As we have previously noted, any information concerning the public offering could not have subjectively influenced the plaintiffs to act differently than they did act in selling the shares to the corporation pursuant to the terms of the stock restriction. The parties were "influenced" only by 1) the lawful execution of the stock restriction, which contractually bound them to sell the stock on the contingency of death, and 2) the death of Kenneth Bitting. The defendants thus had no duty to disclose any information concerning the public offering, since such information was irrelevant to the plaintiffs' investment decision.
The judgment is reversed and the case is remanded with directions to dismiss the complaint.
HEANEY, Circuit Judge, dissenting.
I respectfully dissent. I cannot agree with the majority's holding that no breach of a fiduciary duty under Delaware law occurred. The defendants exercised the repurchased options of deceased shareholders for no justifiable business reason. By arbitrarily inflicting injury on a class of shareholders, the defendants failed to exercise that good faith and fair dealing required by Delaware law.
The majority correctly states that § 202(c)(1) of the Delaware General Corporation
However, the majority's apparent holding, that a repurchase option may be exercised in all circumstances or for any purpose because it no longer must be supported by a specific justification, cannot be supported.
Section 202(c)(1) may limit a court's inquiry into the reasonableness of the transfer restriction, but it does not foreclose further inquiry into the circumstances of its exercise. Such circumstances may be examined even though the articles or by-laws specifically authorize the transaction. Petty v. Penntech Papers, Inc., supra; Schnell v. Chris-Craft Industries, Inc., 285 A.2d 437 (Del.1971); Condec Corporation v. Lunkenheimer Company, supra. The defendants may not merely take refuge in strict compliance with the provisions of Article VI as "inequitable action does not become permissible simply because it is legally possible." Schnell v. Chris-Craft Industries, Inc., supra at 439. When dealing with shareholders as a class, control persons have a fiduciary obligation to them, "especially where [the shareholders'] individual interests are concerned." Petty v. Penntech Papers, Inc., supra at 143. And see Kors v. Carey, 39 Del.Ch. 47, 158 A.2d 136 (1960); Lofland v. Cahall, 13 Del.Ch. 384, 118 A. 1 (1922). This fiduciary duty requires control persons to exercise good faith and fair dealing. Here, the defendants breached that duty.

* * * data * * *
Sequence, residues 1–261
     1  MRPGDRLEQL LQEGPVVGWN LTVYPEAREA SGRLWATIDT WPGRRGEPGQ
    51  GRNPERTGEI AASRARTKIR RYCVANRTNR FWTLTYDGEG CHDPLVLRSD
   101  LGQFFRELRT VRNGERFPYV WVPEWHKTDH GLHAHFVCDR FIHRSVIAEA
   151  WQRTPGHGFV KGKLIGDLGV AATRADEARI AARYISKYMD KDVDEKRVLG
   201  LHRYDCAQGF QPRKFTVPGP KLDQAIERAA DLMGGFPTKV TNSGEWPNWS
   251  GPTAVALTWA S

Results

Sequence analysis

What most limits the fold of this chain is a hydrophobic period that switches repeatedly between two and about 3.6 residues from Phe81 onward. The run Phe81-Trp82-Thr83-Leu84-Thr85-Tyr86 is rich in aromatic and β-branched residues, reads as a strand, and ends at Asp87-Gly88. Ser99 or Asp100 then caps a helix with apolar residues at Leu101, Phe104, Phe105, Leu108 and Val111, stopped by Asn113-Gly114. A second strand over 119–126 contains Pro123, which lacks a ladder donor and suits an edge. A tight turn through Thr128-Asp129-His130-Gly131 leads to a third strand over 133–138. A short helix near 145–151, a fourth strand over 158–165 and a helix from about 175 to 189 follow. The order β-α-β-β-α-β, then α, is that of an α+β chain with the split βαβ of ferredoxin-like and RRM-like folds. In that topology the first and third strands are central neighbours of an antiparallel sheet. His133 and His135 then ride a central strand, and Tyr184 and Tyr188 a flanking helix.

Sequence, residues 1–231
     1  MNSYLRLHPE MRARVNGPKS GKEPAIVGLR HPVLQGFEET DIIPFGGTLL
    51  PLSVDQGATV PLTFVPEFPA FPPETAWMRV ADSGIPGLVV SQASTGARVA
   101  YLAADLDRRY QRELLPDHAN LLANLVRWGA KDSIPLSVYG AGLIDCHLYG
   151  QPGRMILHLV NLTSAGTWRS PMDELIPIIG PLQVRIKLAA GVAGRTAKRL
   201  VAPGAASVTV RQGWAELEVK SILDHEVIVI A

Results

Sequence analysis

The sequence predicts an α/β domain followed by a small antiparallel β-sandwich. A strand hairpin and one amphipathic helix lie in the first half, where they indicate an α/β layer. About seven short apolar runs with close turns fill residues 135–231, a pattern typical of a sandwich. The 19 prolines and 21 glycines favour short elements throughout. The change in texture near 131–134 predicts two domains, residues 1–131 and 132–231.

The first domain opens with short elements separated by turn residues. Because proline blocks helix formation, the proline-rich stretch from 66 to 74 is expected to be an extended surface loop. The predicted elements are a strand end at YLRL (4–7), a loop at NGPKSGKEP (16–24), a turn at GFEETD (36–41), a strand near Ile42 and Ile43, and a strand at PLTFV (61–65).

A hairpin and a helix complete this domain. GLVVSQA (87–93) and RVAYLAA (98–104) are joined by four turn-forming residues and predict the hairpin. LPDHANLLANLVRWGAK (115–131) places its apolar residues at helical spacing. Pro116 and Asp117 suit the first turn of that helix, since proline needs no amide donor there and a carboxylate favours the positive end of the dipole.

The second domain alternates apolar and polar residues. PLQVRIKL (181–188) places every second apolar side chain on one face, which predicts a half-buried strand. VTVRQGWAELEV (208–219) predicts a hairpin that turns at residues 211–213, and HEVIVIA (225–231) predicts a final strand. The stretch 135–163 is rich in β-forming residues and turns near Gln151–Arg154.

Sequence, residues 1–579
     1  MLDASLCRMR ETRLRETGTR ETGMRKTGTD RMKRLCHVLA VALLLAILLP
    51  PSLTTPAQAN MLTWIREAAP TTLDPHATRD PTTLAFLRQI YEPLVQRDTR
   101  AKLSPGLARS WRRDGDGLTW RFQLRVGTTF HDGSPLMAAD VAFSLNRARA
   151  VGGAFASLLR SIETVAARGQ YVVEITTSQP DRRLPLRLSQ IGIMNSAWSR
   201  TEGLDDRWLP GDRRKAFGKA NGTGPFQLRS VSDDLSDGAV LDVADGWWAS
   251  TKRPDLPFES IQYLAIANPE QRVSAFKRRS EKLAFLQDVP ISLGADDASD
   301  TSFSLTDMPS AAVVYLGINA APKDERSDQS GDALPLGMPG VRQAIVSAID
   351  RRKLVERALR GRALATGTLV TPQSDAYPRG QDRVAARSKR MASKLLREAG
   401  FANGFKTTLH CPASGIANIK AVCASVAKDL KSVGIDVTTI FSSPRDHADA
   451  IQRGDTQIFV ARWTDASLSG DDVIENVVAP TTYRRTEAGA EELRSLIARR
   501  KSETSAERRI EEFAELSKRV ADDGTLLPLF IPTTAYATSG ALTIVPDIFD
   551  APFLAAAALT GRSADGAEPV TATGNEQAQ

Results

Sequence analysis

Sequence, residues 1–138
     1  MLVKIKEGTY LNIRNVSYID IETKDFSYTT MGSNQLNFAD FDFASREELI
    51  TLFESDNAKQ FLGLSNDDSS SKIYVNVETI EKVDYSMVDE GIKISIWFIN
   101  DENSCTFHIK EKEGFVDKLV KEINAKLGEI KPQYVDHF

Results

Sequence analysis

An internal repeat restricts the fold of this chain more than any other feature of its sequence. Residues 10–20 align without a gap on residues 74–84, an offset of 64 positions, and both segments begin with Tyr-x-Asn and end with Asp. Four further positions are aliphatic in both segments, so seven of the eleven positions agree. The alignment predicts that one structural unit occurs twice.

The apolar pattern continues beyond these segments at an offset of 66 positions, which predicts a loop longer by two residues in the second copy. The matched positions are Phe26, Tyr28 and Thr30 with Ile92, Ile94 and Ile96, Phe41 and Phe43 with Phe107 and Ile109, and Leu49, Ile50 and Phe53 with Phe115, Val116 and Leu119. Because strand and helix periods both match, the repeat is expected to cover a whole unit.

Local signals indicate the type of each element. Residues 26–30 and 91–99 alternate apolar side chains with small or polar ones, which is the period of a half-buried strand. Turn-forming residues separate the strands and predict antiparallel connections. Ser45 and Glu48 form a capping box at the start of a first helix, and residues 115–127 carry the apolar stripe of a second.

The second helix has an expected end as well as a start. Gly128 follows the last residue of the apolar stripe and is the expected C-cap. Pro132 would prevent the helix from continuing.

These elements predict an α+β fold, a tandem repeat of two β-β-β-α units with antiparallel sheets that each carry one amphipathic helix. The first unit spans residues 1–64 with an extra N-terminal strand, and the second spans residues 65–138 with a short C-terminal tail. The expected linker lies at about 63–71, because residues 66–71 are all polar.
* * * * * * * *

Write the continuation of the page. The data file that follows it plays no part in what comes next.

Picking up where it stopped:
Central to the argument that defendants breached their fiduciary duty is the fact that defendants were firmly committed to going public no later than November 18, 1970, the date the option on Bitting's stock was exercised. The trial court fixed the date when the defendants decided to go public as July 14, 1970. While I feel this finding is not clearly erroneous, strong additional evidence exists to indicate that the decision became more entrenched by November 18, 1970. The following facts tend to support this conclusion:
In March and June, 1970, the New York Stock Exchange took action to permit public ownership of member firms and to eliminate the limitations on nonvoting stockholders in member firms. This action coincided with the demonstrated need of Merrill Lynch for additional capital thus establishing the legal basis and economic justification for going public.
On July 14, 1970, a meeting of the defendants was held and a decision to go public was made.
In late July, 1970, the "going public" Task Force was created. It prepared a preliminary timetable calling for the filing of a registration statement with the Securities and Exchange Commission prior to March 31, 1971.
On August 26, 1970, the defendants engaged the accounting firm of Haskins and Sells to perform a ten-year audit of the company and to prepare the financial statements necessary for the registration statement. This audit, which cost Merrill Lynch $400,000 and involved 15,000 accountant hours, is of a type that would not have been made absent a firm intention to go public.
Prior to October, 1970, a legal audit committee was established. On October 7, 1970, a mid-point report on the legal audit was submitted to the Task Force. The report stated: "We are now slightly more than half through the Corporation Accounting and Legal Audit Timetable." The report set forth a timetable that fixed a March 1, 1971, date for filing a registration statement with the S.E.C. This was a full month earlier than that fixed in the preliminary timetable.
On November 18, 1970, a meeting was held with the S.E.C. to discuss the presentation of the Goodbody financial statements in the prospectus.
Other significant actions were taken within a few months of Mr. Bitting's death. These are important to the extent they lend support to the finding that a decision to go public had been made prior to November 18. Included in these actions are the following:
On December 30, 1970, the defendants determined the size of the offering and decided on a three-for-one stock split prior to the offering. They also concluded that necessary amendments to the articles would be submitted to the Board in March and voted on at the annual stockholders meeting in April.
By January 5, 1971, the first draft of the registration statement was completed. It contained a proposed filing date of March, 1971.
The defendants minimize the importance of the actions listed above and argue that they do not support a finding of a firm intent to go public. They argue that since the registration process could be halted at any time before the registration statement became effective, no final decision was made until the registration process could not be aborted. I find little merit in this argument. The possibility that the defendants could abort the process if later events demanded it does not negate a present intent to go public.